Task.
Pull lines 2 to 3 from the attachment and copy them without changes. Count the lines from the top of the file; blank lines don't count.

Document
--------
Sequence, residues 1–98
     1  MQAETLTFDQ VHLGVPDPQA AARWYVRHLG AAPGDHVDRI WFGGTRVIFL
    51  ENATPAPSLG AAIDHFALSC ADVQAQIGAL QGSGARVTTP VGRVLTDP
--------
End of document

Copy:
     1  MQAETLTFDQ VHLGVPDPQA AARWYVRHLG AAPGDHVDRI WFGGTRVIFL
    51  ENATPAPSLG AAIDHFALSC ADVQAQIGAL QGSGARVTTP VGRVLTDP